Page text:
Initially the acquisition of artworks began as support for the development of artist's careers of the group called The Salingpusa. But since then the collection has grown to include other pieces of the subsequent generations of artists, largely from those working in the figurative tradition. The collection features more than 200 works of sculptures, paintings and installations. The buildings that house the art pieces are designed by Antonio Leaño, himself among the original group of young stalwarts whom Cuanang supported in his early career. Surrounding the museum is a two hectare garden complex known as the Silangan Gardens, which in itself an ecological work with its variety of plants and flora, and a sanctuary for birds and local fauna. The Museum also operates a gallery, whose programs include exhibitions of contemporary Philippine art. Pintô Art Museum is located in Antipolo, a city known for being a pilgrimage site for the past four hundred years.
The collection is a veritable record of the changes of the cultural milieu following the People Power Revolution in 1986. Highlighting this historical context is the large canvas Karnabal painted as a collaborative work by the artists of the Salingpusa group. This painting captures the critical mood of the period following the end of the Marcos regime and describes the post-revolutionary period as a carnival.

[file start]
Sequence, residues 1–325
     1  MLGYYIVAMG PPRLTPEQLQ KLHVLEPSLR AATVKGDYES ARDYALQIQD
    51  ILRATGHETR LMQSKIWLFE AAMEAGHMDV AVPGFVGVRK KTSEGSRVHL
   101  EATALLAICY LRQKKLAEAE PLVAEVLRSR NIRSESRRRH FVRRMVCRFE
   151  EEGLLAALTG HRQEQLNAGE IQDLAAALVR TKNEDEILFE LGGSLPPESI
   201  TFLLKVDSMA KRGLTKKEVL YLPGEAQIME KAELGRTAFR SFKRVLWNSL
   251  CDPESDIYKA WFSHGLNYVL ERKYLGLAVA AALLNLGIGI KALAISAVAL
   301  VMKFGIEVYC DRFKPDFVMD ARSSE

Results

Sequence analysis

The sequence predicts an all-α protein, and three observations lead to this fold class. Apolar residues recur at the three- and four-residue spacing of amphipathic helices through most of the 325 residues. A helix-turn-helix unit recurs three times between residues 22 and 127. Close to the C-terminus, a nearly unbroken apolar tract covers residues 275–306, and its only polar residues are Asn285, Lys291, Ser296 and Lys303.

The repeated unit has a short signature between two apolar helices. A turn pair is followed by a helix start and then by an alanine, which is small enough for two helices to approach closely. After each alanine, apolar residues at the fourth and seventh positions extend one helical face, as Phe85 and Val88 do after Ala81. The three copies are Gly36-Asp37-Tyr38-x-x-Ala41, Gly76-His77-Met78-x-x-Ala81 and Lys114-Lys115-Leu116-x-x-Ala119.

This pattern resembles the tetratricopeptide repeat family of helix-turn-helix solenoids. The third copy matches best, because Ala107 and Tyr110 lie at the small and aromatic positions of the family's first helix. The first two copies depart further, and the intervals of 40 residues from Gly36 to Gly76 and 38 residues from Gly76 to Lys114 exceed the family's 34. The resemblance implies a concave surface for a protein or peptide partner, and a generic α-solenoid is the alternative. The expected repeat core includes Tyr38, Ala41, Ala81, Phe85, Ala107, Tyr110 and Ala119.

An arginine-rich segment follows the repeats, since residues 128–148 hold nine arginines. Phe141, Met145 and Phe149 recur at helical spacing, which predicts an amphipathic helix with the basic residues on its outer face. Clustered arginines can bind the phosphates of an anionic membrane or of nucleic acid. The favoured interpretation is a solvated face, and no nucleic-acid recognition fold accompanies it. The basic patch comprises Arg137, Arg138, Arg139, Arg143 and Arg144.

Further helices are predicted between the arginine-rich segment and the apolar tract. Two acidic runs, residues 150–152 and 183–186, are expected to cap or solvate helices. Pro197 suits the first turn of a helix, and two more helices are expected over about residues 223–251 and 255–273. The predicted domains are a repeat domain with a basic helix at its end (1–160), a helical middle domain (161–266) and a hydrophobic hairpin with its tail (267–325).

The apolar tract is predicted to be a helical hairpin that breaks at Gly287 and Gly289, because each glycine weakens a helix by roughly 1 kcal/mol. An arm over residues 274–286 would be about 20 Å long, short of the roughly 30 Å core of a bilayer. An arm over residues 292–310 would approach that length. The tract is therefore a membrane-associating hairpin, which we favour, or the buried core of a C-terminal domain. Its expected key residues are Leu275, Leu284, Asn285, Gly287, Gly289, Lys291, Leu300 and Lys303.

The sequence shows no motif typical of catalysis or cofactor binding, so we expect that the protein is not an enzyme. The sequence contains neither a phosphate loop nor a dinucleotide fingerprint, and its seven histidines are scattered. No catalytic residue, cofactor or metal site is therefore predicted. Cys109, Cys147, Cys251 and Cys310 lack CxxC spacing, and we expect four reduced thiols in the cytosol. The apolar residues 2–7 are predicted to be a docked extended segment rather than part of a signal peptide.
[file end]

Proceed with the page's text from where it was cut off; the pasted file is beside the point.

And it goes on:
Works by artists such as Elmer Borlongan, Emmanuel Garibay, Neil Manalo, Mark Justiniani, Antonio Leano, Ferdinand Montemayor and Jose John Santos III also append to the reading of the state of transition of the society to the challenges of empowerment in the 1990s. The collection also plays a large part in describing a direction in Philippine contemporary art through the figurative tradition. This tradition traces its roots in Spanish colonial and academic art in the 1800s by way of church art, but found its unique form through the influence of Modern Art in the years previous to and following World War 2. Works in the museum show how Filipino artists were able to fuse academic art formation with personal integrations of modernist persuasions such as Surrealism, Expressionism, Minimalism to Social Realism and Conceptual Art but with a vigilance in identity and rootedness. The themes and subjects featured in the works appeal to the universal human condition, but expressed in the unique historical and cultural experience of being Filipino.
Opening hoursTuesday – Sunday9 am – 6 pm
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Pintô Art Museum1 Sierra Madre St. Grand Heights Rd,Antipolo, Rizal, Philippines
T +63 2 697 firstname.lastname@example.org